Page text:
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For Essay Exam 2, I’d like for you to reflect on your experience taking this class and what you’ve learned over the course of the semester. Try to avoid simple answers; make sure that you explain why you think the way that you do. To help you construct your response, please consider the following questions:
1. Which authors and texts have been your favorite this semester? Why? What resonated with you? Return to the text for quotes and “evidence” as necessary. Would you read them again?
2. Which authors would you avoid at all costs? Why? What triggered that kind of response from you?
3. How do you think you’ve changed over the course of this semester? Think of this as both a reader and a writer – how have you changed as a reader? How have you changed as a writer? Has your process for reading or writing changed?
4. What kinds of expectations did you have going into this course – both for yourself and the course as a whole? Were they met? Did they change? Why?
5. What advice would you give to other students thinking about taking this course? Why? What from your experience is driving you to give this advice?
6. Lastly, how do you feel about nature now that you’ve read various perspectives and stances on human interactions and uses of nature? Why? What authors support (or don’t) your thoughts and feelings?
- Thoreau, “Huckleberries” AE pp. 26-36
- Catlin, “Letters and Notes” AE pp. 37-45
- Sigourney, “Fallen Forests” AE pp. 46-47
- Cooper, “Rural Hours” AE pp. 48-58
- Whitman, Leaves of Grass, AE pp. 63-70
- Guthrie, “This Land” pp. 258-59
- Muir, “Thousand Mile Walk” AE pp. 85-89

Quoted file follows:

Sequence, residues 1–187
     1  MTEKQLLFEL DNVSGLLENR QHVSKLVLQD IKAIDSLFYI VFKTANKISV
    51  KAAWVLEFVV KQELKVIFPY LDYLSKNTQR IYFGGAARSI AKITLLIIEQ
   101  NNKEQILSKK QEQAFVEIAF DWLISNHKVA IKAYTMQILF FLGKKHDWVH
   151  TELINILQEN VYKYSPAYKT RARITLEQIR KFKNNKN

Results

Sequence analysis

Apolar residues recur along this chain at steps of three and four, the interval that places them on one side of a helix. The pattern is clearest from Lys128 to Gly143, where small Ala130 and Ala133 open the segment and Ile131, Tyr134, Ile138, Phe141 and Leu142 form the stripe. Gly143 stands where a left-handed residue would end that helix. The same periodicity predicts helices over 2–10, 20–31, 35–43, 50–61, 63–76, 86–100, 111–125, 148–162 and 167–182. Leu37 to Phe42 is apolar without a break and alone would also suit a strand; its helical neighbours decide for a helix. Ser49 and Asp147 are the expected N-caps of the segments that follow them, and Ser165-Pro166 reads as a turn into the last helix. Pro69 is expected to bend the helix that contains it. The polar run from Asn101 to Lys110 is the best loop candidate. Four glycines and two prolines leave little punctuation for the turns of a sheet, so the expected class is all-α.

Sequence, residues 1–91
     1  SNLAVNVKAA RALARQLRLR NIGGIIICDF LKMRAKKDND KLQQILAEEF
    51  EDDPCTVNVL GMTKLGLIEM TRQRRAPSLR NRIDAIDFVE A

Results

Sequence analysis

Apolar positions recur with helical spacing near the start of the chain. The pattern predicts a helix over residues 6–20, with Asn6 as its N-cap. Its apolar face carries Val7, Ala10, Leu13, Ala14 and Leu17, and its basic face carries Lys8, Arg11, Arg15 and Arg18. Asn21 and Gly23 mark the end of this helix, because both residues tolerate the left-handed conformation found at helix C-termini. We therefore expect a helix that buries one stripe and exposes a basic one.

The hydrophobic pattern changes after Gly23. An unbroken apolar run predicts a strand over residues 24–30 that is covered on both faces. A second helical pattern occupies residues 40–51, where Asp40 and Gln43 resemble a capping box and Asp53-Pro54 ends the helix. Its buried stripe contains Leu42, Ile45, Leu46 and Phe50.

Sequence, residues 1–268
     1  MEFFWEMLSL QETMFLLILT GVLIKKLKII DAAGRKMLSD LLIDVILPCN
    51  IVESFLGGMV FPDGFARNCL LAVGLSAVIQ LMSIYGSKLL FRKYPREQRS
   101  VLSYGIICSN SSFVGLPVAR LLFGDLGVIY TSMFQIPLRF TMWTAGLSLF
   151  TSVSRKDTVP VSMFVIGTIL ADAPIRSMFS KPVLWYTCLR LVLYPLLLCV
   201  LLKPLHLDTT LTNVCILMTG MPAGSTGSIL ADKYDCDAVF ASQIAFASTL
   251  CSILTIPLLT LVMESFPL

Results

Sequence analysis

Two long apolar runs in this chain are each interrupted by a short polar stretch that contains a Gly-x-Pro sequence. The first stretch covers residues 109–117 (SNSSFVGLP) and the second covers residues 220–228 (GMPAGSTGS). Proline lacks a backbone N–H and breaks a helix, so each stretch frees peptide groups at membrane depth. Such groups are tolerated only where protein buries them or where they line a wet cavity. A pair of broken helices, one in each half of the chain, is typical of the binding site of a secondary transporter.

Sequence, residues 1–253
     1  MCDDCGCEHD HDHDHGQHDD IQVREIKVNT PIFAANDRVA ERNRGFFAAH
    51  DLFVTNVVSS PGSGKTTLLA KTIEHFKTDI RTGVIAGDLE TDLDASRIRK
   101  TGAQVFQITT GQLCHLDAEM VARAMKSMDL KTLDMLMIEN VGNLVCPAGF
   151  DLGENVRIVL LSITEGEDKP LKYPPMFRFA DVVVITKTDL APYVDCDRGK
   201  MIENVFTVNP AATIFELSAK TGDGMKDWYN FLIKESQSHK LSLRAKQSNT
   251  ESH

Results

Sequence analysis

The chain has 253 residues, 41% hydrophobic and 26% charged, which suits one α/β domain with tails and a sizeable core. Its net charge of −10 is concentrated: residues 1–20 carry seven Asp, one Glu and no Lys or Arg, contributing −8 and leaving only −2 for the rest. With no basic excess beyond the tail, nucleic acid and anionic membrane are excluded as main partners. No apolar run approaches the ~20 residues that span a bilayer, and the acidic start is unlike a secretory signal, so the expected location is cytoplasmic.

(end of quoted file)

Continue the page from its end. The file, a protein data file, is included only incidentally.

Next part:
- Muir, “My First Summer” AE pp. 98-104
- Muir, “Hetch Hetchy Valley” AE pp. 104-18
- Pinchot, “Prosperity” AE pp. 173-80
- Olmstead, “Central Park” AE pp. 120-25
- Burroughs, “The Art of Seeing Things” AE pp. 146-59
- Burroughs, “Nature Near Home” AE pp. 168-71
- Marshall, “Wintertrip into New Country” AE pp. 225-34
- Beston, “Orion Rises from the Dunes” AE pp. 205-08
- Steinbeck, The Grapes of Wrath, AE pp. 254-57
- Henderson, “Letter from the Dust Bowl” AE pp. 239-44
- Nearings, “Living the Good Life” AE pp. 318-22
- Eisley, “How Flowers Changed the World” AE pp. 337-47
- Jeffers poems, AE pp. 251-53
- Olson, “Northern Lights” AE pp. 323-26
- Carson, “Silent Spring” AE pp. 366-76
- Sndyer poems, AE pp. 473-79
- Porter, “The Living Canyon” AE pp. 380-91
- Momaday, “A First American” AE pp. 570-81
- Silko, Ceremony, AE pp. 582-89
- Cronon, “Seasons of Want and Plenty” AE pp. 632-58
- Walker, “Everything is a Human Being” AE pp. 659-70
- Lopez, “A Presentation of Whales” AE pp. 696-715
- Turner, “The Song of the White Pelican” AE pp. 835-48
- Ray, “Ecology of a Cracker Childhood” AE pp. 898-906